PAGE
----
Page:Dictionary of National Biography volume 08.djvu/11

From Wikisource
Jump to: navigation, search
This page has been proofread, but needs to be validated.
Burton
Burton
7

city with every demonstration of joy. On 30 Nov. Burton appeared before the house, and on 5 Dec. presented a petition setting forth his sufferings. The house on 12 March 1640-1 declared the proceedings against him illegal, and cast Laud and others in damages. On 24 March his sentence was reversed, and his benefice ordered to be restored; on 20 April a sum of 6,000l. was voted to him; on 8 June a further order for his restoration to his benefice was made out. He recovered his degrees, and received that of B.D. in addition. The money was not paid, nor did he get his benefice, to which Robert Chestlin had been regularly presented. But on 5 Oct. 1642 his old parishioners petitioned the house that he might be appointed Sunday afternoon lecturer, and this was done. Chestlin, who resisted the appointment, was somewhat hardly used, being imprisoned at Colchester for a seditious sermon; he escaped to the king at Oxford. Left thus in possession at St. Matthew's, Friday Street, Burton organised a church on the independent model. Gardiner says of Burton's 'Protestation Protested,' published in July 1641, that it 'sketched out that plan of a national church, surrounded by voluntary churches, which was accepted at the revolution of 1688.' He published a 'Vindication of Churches commonly called Independent,' 1644 (in answer to Prynne), and exercised a very strict ecclesiastical discipline within his congregation. Marsden says 'it was not in the power of malice to desire, or of ingenuity to suggest, a weekly spectacle so hurtful to the royal cause' as that of Burton preaching in Friday Street without his ears. He had enjoyed the honour of preaching before parliament, but did not approve the course which events subsequently took. He was for some time allowed to hold a catechetical lecture every Tuesday fortnight at St. Mary's, Aldermanbury, but on his introducing his independent views the churchwardens locked him out in September 1645. This led to an angry pamphlet war with the elder Calamy, rector of the parish [see Calamy, Edmund, 1600-1666]. Wood, who remarks that he 'grew more moderate,' thought he lived to witness the execution of Charles, but he died a year before that event. During his imprisonment he had contracted the disease of the stone, which was probably the cause of his death. He was buried on 7 Jan. 1647-8. By his first wife, Anne, he had two children: 1. Anne, bapt. 21 Sept. 1621. 2. Henry, bapt. 13 May 1624, who married Ursula Maisters on 30 Nov. 1647, and is described as a merchant. His second wife, Sarah, and son, Henry, survived him, and on 17 Feb. 1652 petitioned the house for maintenance; the son got lands of 200l. yearly value from the estate of certain delinquents, out of which the widow was to have 100l. a year for life. Granger describes a rare print of Laud and Burton, in which the archbishop vomits his works while the puritan holds his head.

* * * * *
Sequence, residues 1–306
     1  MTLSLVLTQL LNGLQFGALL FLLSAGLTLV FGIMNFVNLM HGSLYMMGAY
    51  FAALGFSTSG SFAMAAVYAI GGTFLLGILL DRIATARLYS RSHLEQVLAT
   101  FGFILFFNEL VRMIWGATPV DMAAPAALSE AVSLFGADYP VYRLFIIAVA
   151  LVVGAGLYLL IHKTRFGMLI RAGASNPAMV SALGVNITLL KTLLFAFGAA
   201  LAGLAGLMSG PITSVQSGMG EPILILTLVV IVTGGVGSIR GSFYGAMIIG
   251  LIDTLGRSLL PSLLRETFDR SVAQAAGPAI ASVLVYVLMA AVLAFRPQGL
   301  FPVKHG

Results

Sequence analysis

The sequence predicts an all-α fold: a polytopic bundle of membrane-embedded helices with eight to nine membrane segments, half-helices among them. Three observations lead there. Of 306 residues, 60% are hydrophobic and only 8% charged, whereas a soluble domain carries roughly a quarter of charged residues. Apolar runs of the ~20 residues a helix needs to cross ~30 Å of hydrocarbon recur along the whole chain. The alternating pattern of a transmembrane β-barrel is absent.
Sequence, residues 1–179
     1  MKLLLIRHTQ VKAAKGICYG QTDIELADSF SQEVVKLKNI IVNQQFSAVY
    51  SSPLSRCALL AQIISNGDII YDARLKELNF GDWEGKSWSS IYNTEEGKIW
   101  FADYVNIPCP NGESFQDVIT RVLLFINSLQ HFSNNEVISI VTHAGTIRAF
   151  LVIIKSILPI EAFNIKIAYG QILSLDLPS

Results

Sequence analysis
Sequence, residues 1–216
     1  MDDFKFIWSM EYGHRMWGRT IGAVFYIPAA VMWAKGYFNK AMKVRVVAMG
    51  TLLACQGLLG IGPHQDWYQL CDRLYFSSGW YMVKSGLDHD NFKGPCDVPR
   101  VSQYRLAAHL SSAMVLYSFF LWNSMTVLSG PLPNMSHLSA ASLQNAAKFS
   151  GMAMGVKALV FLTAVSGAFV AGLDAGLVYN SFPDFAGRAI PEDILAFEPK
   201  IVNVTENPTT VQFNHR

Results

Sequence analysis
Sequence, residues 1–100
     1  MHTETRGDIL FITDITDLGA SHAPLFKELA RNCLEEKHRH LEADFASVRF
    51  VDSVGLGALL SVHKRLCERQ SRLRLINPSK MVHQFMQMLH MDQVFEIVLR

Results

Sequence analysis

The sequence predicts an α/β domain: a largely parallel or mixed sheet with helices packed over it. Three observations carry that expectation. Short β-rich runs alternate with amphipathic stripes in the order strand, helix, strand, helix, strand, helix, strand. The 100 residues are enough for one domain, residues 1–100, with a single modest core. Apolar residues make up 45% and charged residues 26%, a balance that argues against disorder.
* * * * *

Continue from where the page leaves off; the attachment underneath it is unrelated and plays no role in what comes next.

Burton's chief publications in addition to those mentioned are: 1. 'A Censvre of Simonie,' 1624, 4to. 2. 'A Plea to an Appeale,' 1626. 3. 'The Seven Vials; or a briefe Exposition upon the 15 and 16 chapters of the Revelation,' 1628. 4. 'A Tryall of Private Devotion,' 1628. 5. 'England's Bondage and Hope of Deliverance,' 1641, 4to (sermon from Psalm liii. 7, 8, before the parliament on 20 June). 6. 'Truth still Truth, though shut out of doors,' 1645, 4to (distinct from 'Truth shut out of doores,' a previous pamphlet of the same year); and, from the catalogue of the Advocates' Library, Edinburgh, 7. 'The Grand Impostor Unmasked, or a detection of the notorious hypocrisie and desperate impiety of the late Archbishop (so styled) of Canterbury, cunningly couched in that written copy which he read on the scaffold,' &c. 4to, n.d. 8. 'Conformities Deformity,' 1646, 4to.

[Narration of the Life, &c., 1643 (portrait); Biog. Brit. 1748, ii. 1045, ed. Kippis, iii. 43; Wood's Ath. Ox. 1691, i. 814, 828, &c.; Walker's Sufferings of the Clergy, 1714, ii. 165; Brook's Lives of the Puritans, 1813, iii. 40; Fisher's Companion and Key to Hist. of Eng. 1832, pp. 515, 610; Marsden's Later Puritans, 1872, pp. 122 sq.: Gardiner's Hist. England, vii. viii. ix. x.; Hook's Lives of the Archbishops of Canterbury, xi. 1875 (Laud), 292 sq.; extracts from parish registers of Birdsall, per Rev. L. S. Gresley, and of St. Matthew's, Friday Street, per Rev. Dr. Simpson.]

A. G.

BURTON, HEZEKIAH (d. 1681), divine, was a fellow of Magdalen College, Cambridge, and eminent as a tutor. He was entered as a pensioner in 1647, was elected Wray fellow 1651, graduated as M.A. 1654, was incorporated at Oxford the same year, was B.D. 1661, and D.D. by royal mandate 1669. He was known to Samuel Pepys, Richard Cumberland, and Orlando Bridgeman, all of his college, and to Henry More, the Platonist. More sent him a queer story of a ghost, as circumstantial as Mrs. Veal's, which appeared in Yorkshire about 1661 (Lightfoot, Remains, li; Kennet, Register, 763). Bridgeman, on becoming chancellor in 1667, gave a chaplaincy to his college friend, and appointed him to a prebendal stall at Norwich. He was intimate with Tillotson and Stillingfleet, and had been associated with them and Bishop Wilkins in an abortive proposal for a com-